This kind of procrastination is called operational procrastination. When we cannot break a goal down into actionable tasks, it becomes hard for us to stick to it. For example, a better goal than “getting fit” is to show up at the gym thrice a week. You don’t even have to work out. Just go to the gym. You will be surprised at what the environment gets you to do.

Getting your dream job, achieving financial independence, starting that business, or writing a book; all of these tasks are not actionable. It is hard to break them down into smaller, actionable steps.

Another aspect of ill-defined goals is having something called choice paralysis. Choice paralysis is when you have so many ideas that you cannot pick one. For example, you might have ideas for two books and three businesses. However, you have no clue where to start with them.

The solution to choice paralysis is to prioritize. Make a list of the pros and cons of each of those ideas. Also, look at how easy they are to execute with your current skillset. Attempt to tackle the most straightforward idea first, because it will help you gain positive momentum. It will also help you learn skills that can help you with your future ideas.


Lack of Community Supportcommunity

Finding a community around your interests is a highly overlooked way of cultivating and maintaining motivation. Communities can keep you accountable over many years, and they can be a constant source of inspiration and knowledge. 

Moreover, it is crucial to find people who have faith in you. They can keep you going when you are feeling down and feel like quitting. People who genuinely care about your wellbeing and growth in life are invaluable assets.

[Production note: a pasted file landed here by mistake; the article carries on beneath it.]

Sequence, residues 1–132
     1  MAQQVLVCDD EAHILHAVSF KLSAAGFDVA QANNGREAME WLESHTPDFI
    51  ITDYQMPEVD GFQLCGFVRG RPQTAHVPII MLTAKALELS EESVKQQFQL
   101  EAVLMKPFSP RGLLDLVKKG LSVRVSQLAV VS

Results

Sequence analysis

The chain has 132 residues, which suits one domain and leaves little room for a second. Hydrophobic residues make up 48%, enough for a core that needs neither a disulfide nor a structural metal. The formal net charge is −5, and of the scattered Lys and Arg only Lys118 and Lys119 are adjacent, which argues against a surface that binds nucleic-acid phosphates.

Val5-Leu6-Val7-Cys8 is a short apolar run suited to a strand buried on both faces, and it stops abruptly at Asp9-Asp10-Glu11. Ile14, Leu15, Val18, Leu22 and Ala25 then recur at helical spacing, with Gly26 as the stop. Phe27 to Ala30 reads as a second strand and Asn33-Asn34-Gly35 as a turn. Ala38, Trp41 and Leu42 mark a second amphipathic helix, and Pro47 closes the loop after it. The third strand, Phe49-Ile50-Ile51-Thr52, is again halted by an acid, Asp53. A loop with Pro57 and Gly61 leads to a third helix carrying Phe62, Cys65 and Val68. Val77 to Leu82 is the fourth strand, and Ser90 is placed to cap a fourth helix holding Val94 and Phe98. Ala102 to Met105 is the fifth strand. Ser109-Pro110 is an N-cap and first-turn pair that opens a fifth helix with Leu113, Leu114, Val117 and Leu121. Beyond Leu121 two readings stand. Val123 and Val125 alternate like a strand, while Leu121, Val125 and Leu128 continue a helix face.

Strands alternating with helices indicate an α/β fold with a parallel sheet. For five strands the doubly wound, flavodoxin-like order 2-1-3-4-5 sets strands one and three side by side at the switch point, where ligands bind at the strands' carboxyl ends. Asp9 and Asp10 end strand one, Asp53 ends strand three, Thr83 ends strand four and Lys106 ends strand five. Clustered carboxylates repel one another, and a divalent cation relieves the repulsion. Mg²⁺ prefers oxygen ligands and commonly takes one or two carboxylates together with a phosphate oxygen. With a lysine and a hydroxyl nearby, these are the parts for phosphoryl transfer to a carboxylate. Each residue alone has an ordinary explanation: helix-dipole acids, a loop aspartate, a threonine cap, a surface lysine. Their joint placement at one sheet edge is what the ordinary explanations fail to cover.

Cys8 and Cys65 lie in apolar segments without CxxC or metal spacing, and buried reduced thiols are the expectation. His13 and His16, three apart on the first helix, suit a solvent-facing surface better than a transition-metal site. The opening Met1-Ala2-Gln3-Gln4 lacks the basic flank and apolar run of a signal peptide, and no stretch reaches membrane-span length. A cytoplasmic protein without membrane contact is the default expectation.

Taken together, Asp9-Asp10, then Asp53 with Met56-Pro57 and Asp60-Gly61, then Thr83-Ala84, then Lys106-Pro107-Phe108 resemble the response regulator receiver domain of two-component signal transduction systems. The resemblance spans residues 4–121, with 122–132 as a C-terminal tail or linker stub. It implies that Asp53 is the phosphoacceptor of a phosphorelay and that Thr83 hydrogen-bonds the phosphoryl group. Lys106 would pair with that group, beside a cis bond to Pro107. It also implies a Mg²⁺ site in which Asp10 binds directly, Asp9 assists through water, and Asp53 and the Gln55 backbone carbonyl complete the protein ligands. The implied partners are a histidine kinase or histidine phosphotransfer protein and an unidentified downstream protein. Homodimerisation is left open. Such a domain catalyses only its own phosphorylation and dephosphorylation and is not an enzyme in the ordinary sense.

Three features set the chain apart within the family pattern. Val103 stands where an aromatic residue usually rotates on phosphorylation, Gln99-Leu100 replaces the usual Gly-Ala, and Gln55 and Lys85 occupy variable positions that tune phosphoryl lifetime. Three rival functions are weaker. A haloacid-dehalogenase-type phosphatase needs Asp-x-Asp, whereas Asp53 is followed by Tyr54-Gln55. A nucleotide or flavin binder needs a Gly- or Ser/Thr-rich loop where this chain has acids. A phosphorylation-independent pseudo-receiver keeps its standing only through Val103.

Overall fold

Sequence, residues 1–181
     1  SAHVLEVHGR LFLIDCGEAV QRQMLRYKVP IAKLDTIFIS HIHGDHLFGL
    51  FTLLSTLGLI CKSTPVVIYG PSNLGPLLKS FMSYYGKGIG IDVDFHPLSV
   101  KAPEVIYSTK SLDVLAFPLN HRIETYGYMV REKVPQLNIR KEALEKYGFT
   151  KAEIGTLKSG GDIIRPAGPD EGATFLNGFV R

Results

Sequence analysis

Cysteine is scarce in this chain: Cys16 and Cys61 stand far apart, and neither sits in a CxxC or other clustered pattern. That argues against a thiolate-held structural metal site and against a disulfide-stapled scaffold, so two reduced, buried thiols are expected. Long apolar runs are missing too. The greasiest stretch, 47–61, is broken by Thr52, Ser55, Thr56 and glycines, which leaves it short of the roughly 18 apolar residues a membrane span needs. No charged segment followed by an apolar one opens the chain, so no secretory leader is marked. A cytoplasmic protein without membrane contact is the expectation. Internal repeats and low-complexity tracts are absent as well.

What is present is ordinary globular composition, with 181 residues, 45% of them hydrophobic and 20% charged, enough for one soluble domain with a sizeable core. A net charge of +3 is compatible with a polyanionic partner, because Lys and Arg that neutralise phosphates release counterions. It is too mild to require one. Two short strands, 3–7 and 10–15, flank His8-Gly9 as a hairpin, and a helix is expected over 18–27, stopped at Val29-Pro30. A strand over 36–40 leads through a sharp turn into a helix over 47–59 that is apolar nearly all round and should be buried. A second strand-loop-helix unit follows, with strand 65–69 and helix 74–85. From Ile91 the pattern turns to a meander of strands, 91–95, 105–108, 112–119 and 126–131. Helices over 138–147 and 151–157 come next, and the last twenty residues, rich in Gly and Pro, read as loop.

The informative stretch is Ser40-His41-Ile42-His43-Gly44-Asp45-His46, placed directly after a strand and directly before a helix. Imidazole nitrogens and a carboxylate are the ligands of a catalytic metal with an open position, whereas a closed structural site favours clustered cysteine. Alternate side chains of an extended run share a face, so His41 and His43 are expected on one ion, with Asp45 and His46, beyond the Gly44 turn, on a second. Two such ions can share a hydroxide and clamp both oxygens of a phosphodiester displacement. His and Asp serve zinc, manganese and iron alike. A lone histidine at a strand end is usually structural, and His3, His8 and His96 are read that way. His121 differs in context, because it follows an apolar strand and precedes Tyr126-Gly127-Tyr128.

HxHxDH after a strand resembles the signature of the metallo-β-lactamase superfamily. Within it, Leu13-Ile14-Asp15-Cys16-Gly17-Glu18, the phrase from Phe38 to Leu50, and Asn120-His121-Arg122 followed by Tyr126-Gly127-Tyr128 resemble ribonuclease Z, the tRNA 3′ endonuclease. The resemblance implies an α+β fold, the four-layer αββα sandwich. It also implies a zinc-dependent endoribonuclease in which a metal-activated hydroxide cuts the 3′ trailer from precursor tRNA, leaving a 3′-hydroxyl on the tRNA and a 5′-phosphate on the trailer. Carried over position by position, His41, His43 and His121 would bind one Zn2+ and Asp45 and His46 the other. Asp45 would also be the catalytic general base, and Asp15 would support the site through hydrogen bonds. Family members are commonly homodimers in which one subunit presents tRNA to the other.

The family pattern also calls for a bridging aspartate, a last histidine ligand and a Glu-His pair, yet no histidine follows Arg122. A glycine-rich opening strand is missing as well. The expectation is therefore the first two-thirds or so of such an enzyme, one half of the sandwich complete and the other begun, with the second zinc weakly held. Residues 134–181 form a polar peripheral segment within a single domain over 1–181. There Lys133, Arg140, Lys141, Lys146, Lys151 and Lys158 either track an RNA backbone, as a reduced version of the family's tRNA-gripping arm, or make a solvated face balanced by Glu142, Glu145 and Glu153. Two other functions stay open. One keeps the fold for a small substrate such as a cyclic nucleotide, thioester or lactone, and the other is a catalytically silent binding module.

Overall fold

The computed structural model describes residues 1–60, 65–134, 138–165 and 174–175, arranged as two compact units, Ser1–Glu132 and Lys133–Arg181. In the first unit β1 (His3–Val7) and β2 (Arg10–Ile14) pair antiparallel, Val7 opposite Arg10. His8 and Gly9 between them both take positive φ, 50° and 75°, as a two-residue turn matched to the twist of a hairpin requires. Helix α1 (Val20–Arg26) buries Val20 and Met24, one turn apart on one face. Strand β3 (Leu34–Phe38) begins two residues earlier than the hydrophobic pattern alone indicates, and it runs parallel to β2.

Talk about your interests with other likeminded people. It is the best way to build a community around shared hobbies. Over time, you can learn from each other and grow as people. It is incredibly fulfilling to find other people on similar paths as you and help each other grow.

Moreover, other people with shared interests can help you find resources that will help you grow faster. Remember, human beings are community-oriented creatures. We work well when we help each other.


Ill-Fitting Strategy

Another common problem that people run into when trying to turn ideas into reality is to try to use a strategy that is not suitable for them.

Different people work in different ways. For example, imagine that you naturally gravitate towards switching from one task to another every 40 minutes. If you try to finish one task in 3 hours before moving onto another, you will not be as efficient. 

Those 3 hours will not be as productive as doing something for 40 minutes and then switching to something else. 

In fact, if you force yourself to work in that manner, that work will be less fun. Over time, you will associate it with a lack of enjoyment, which will negatively affect your enjoyment and productivity. In the long run, it will prevent you from turning your ideas into reality.

Therefore, it is sometimes better to capitalize on your strengths rather than beat yourself up over your weaknesses.

Moreover, it is okay to be obsessed with something for a little while, learn it decently, and move on to something else. You don’t have to master every skill you try to pick up. 

For example, if you want to learn video editing for five days and then never try it again, that is completely fine. These attempts at learning new skills will inform you what you like to do and what you do not like to do. That information will help you move forward in a general direction.

Dr. K talks about different models of personality and strategies for success in this video:


If you find that you cannot stick to building a particular skillset over a long period, try changing your strategy. Approach the goal from multiple angles.